Winnie Holzman does a good job of streamlining the byzantine plotlines of Gregory McGuire's novel. The social and political critique remains, but it takes second place to the feminist theme. Wicked was and ever will be a celebration of girl power. The play proves that you can have a successful—phenomenally successful— musical that centers on, not just female friendship, but a complicated, emotionally turbulent, and dynamic relationship between two idiosyncratic young women as they shake off the roles that society has assigned them. They have not always liked one another—but each in coming to know the other came to understand herself. Yes, there is a guy—Fiyero (an endearing Jeremy Woodard)—and for a time he creates a wedge between the women. But then what is most significant about the tension over Fiyero is that the friendship survives it, for it is, it turns out, the most crucial relationship of their lives. Glinda and Elphaba remain, as they began, very different individuals, but both have been forever changed and indisputably empowered, by the other. So when near the end of the play STEM girl Elphaba, who has always been the smarter and more gifted of the two, hands over the giant tome of magical spells upon which her own power depends, it is the most moving moment in the play. Glinda hesitates to take the book. She claims that she does not have the brains to figure out how to use it. It is the "bad" one who persuades the "good" one that she does, that she can.

The show only works if the casting of the two leads is perfect. Jessica Vosk is sublime, not only because she has the pipes to murder Elphaba's great showstoppers, "The Wizard and I" and "Defying Gravity." She has that thing they call star quality. Buckets of it. She pours her heart and soul into those belts; she gets your pulse to speed up. The people around me were all leaning forward as she sang "Defying Gravity." It is a song that builds and builds, and then goes on building, ending a full octave higher than it began. That build lends the performance a degree of suspense. When an actress is doing it right, she invites the audience into the drama. We are right there with her, rooting for her, wanting her to reach each level—and that last high note—the way we want LeBron to make that three-pointer before the buzzer goes off. And when Vosk does really murder that last crescendo, we gasp. And then we find ourselves feeling absolutely ecstatic—happy for Vosk, for Elphaba, and (somehow) for ourselves.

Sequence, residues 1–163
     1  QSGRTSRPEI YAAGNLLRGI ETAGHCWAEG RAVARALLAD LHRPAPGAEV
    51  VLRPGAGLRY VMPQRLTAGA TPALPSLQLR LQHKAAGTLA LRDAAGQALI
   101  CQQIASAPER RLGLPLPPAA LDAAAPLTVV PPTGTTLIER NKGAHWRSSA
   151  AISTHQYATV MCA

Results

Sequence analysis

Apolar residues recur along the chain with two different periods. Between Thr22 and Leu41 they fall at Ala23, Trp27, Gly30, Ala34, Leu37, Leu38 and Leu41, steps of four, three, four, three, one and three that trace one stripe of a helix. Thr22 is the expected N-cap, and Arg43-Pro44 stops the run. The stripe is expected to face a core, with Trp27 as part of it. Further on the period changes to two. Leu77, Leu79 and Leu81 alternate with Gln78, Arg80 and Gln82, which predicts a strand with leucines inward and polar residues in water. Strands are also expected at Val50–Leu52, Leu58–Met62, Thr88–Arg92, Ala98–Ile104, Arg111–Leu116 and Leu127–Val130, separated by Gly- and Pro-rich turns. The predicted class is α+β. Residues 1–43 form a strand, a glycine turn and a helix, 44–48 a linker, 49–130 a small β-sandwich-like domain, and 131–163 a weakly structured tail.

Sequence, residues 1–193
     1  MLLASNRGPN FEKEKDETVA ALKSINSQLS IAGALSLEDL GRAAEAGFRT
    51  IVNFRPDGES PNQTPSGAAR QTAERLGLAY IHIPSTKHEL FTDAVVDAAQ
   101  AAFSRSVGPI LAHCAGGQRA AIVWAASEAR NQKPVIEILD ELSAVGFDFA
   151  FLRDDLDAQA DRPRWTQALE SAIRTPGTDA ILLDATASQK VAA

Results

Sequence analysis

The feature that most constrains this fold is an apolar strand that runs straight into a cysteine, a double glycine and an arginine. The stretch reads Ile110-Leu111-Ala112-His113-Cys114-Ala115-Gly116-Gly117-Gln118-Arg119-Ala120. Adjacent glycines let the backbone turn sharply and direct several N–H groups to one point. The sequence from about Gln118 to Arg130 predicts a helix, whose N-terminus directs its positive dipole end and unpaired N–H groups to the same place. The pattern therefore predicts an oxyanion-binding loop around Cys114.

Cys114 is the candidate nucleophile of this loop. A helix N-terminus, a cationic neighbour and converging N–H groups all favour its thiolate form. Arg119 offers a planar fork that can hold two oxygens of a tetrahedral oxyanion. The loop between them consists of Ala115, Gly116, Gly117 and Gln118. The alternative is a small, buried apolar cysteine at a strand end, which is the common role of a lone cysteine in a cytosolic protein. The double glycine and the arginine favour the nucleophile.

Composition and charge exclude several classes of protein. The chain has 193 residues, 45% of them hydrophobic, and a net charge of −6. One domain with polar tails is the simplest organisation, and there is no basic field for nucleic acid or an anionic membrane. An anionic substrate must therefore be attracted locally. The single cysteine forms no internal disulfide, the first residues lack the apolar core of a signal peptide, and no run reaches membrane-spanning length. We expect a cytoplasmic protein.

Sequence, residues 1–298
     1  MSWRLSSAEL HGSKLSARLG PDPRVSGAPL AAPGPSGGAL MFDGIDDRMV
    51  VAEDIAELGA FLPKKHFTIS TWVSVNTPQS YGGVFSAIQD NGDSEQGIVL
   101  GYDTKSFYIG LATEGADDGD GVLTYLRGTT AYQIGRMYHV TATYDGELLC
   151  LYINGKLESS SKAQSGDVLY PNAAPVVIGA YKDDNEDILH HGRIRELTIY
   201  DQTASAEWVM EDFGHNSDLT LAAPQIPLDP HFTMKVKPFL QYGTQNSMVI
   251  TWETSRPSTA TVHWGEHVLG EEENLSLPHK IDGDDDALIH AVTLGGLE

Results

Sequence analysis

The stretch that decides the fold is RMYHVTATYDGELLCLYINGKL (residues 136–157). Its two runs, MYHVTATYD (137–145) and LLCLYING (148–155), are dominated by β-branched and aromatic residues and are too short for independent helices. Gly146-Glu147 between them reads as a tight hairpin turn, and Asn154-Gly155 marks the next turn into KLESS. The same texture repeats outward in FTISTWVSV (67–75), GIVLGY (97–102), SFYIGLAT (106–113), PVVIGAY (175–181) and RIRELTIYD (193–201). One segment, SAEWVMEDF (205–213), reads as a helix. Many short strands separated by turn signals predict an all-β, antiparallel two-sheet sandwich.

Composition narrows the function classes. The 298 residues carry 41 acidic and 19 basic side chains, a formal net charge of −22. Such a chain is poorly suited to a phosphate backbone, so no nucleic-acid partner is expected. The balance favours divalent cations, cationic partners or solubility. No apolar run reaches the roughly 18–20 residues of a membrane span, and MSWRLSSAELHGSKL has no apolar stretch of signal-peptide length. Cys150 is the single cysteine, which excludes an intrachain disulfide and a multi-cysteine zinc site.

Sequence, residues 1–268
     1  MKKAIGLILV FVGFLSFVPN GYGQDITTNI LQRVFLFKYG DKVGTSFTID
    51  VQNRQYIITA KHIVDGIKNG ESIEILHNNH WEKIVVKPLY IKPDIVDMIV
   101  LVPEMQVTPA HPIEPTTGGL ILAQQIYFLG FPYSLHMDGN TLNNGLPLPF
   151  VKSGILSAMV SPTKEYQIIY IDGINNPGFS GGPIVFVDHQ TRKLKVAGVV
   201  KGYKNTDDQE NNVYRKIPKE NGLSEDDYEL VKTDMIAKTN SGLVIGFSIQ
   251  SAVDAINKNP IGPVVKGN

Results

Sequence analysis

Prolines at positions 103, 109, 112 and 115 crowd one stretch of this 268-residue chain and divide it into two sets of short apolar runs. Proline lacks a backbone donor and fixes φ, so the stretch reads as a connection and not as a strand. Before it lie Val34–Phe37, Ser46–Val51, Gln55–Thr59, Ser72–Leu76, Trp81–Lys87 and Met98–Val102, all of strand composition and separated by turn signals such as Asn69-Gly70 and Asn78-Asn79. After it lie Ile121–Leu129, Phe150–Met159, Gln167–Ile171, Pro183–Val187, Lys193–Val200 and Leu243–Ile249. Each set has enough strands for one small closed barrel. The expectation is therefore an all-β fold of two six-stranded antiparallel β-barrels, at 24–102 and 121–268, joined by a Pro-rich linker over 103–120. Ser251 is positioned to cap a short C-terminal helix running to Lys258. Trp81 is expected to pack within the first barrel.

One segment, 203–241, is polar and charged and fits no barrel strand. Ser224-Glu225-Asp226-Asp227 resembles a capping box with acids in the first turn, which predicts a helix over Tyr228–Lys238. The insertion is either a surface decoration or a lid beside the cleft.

Because Glinda's lines drip with sarcasm, it can be a challenge for an actress to convey the character's depth. However, Ginna Claire Mason's performance is so beautifully nuanced that she manages to communicate Glinda's insecurity and her growing self-awareness without sacrificing a jot of humor.

There is one more reason to see Wicked soon if you have not already (and once again if you already have). I was a little saddened to learn that there has been talk of a movie. I suppose it is inevitable and—who knows, it might all turn out to be great. Yet Wicked feels like it belongs in a theater with a live orchestra in the pit. For all of its extravagant production values, its design is abstract enough to leave much to the imagination, compelling the audience to actively use their own and to remain creatively engaged. I fear that some of the show's mystery and majesty might be lost when it is translated to the big screen. I might be wrong, but perhaps, possibly—Wicked is one thing that is better left unchanged for good.

Performing through May 14, 2017, at the Orpheum Theatre, 910 Hennepin Ave, Minneapolis, MN 55403. Tickets for Orpheum Theatre events are available at,, or by calling 1-800-982-2787. For more information on the tour, visit

Based on the novel by Gregory Maguire
Music and lyrics by Stephen Schwartz
Book by Winnie Holzman.
Directed by Joe Mantello
Featuring Jessica Vosk, Ginna Claire Mason, Isabel Keating, Fred Applegate, Harry Bouvy, Kristen Martin, Andy Mientus, Jeremy Woodard
Music Staging by Wayne Cilento
Music Supervisor Stephen Oremus
Orchestrations by William David Brohn
Set Design by Eugene Lee
Costumes by Susan Hilferty
Lighting by Kenneth Posner
Sound by Tony Meola